Edmonton’s French Quarters
Does Edmonton really have a French Quarter? Actually it has had two. The first French Quarter was located on the North side of the City near the Saint-Joachim French Catholic Parish. For Edmonton’s francophone community this area marks the birthplace of many of the community’s associations, and institutions.
Situated at the very heart of the first French Quarter, the Saint-Joachim Catholic Parish was first established in 1838 in Fort Edmonton. Four different buildings will carry the name Saint-Joachim Church the last of which was built in 1899 and still exists today. A great many of the French community’s associations were established by parishioners of Saint-Joachim: la Société Saint-Jean-Baptiste (1894) la Société du parler français (1912) and l’Association canadienne-française de l’Alberta (1926).
Over the years, however the French Quarter migrated to the South side of the Saskatchewan River in the Bonnie Doon district. The many associations and institutions that are situated on either side of la Rue Marie-Anne-Gaboury constitute the heart of this second French Quarter.
In 1988, 91st Street was renamed in honor of Marie-Anne Gaboury, the wife of Jean-Baptiste Lagimodière and Louis Riel’s grandmother. The project was sponsored by a francophone youth group, Les Jeunes entrepreneurs francophones.
La Cité francophone which is situated on the East side of la Rue Marie-Anne-Gaboury houses a large number of francophone associations. The idea of a French cultural center was first discussed in 1944 but the project was only realized 50 years later, in 1996. The offices of L’Unithéâtre and of the French newspaper Le Franco were the first to move into the new Cité in 1996. Presently the City houses La Librairie le Carrefour Bookstore, the offices of both the provincial and the regional ACFA, the Centre de développement musical (CDM) the Conseil scolaire Centre-Nord, L’Alliance française d’Edmonton, la Fédération des ainés francophones de l’Alberta (FAFA), Francophonie jeunesse de l’Alberta (FJA), l’Institut Guy-Lacombe de la famille, le Centre d’expérience préscolaire (CEP), a medical clinic…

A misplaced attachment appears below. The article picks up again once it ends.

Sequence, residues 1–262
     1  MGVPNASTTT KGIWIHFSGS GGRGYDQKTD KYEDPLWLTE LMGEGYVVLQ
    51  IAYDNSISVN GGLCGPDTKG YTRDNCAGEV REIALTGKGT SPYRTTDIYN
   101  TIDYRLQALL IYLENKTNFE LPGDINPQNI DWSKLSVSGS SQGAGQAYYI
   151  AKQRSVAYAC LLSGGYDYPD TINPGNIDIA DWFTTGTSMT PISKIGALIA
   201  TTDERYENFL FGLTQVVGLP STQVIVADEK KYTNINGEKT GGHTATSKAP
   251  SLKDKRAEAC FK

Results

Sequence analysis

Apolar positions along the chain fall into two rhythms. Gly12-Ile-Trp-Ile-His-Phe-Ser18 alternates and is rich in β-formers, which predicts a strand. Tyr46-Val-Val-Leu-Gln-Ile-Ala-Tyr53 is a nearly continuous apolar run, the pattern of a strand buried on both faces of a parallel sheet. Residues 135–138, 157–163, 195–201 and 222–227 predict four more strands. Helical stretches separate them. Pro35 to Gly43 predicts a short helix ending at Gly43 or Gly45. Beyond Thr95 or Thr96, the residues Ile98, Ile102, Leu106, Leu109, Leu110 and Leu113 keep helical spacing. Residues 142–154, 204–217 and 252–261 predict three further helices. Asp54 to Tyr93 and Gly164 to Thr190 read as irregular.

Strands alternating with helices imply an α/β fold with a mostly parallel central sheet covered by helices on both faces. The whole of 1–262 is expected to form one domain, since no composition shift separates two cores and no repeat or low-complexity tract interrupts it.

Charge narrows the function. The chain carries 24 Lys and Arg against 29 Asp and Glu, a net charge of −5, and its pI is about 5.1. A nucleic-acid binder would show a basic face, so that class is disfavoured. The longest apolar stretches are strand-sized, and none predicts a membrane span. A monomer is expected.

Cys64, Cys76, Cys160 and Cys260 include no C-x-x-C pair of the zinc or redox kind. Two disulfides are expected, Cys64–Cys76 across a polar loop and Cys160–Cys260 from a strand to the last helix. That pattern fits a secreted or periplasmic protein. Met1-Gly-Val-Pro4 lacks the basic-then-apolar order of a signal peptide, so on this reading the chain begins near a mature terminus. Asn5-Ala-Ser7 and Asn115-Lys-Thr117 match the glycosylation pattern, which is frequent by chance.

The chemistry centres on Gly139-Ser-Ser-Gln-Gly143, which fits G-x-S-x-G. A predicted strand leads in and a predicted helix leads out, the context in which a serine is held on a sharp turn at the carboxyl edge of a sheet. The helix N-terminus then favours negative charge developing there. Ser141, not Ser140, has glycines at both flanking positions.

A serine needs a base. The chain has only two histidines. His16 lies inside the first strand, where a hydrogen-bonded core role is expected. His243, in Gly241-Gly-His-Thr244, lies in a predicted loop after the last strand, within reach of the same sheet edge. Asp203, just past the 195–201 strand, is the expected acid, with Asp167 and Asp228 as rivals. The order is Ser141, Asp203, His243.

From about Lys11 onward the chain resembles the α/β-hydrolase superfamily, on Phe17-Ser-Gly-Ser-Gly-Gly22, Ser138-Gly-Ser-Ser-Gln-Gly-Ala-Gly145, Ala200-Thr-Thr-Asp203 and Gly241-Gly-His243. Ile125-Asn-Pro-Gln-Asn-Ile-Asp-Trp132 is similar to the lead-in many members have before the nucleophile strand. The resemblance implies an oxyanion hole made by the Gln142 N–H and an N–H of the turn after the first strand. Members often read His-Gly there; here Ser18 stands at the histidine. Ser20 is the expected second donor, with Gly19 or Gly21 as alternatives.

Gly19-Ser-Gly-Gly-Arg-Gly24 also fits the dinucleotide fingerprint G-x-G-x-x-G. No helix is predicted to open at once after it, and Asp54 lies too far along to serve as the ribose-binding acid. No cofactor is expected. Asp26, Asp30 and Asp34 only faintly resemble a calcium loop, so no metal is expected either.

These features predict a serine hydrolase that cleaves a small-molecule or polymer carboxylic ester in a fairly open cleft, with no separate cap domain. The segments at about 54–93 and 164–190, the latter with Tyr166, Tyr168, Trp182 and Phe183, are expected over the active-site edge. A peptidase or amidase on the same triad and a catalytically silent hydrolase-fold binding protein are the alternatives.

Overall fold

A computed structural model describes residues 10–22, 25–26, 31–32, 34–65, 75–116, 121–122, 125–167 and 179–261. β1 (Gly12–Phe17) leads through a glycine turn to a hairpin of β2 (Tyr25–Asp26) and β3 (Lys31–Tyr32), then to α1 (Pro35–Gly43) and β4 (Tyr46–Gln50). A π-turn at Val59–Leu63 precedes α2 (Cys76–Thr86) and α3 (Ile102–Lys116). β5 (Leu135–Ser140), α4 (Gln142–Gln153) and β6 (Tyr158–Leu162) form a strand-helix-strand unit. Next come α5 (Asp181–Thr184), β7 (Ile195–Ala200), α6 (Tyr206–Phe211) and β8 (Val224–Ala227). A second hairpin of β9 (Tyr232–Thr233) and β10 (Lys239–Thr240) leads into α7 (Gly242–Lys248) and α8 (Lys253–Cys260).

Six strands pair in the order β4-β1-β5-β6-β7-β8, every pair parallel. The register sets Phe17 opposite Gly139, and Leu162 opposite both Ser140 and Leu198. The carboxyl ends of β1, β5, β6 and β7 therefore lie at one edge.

Campus Saint-Jean is situated on the West side of la Rue Marie-Anne-Gaboury. Founded in Pincher Creek in 1908, Saint-Jean moved to its present location in 1911. Elsewhere in the French Quarter are the residences of the Soeurs de la Charité de Notre-Dame d’Évron, the Sisters of Assumption, the Filles de Jésus, the Sisters of the Holy Cross, the Saint-Thomas-d’Aquin Catholic Parish, the Manoir Saint-Thomas and the soon to be establish Centre de Santé Saint-Thomas. Le Centre culturel Marie-Anne-Gaboury, le Centre ‘82 situated on Whyte Avenue and the many francophone schools that are scattered all over the city are also considered to be part of the French Quarter.
In fact when one tries to explain what constitutes The French Quarter it is best to remember that it is not only a geographical location. The French community is not really composed of buildings but rather of groups and associations. It might even be more accurate to describe the French Quarter as being an idea, a language and a way of life shared by a group of people.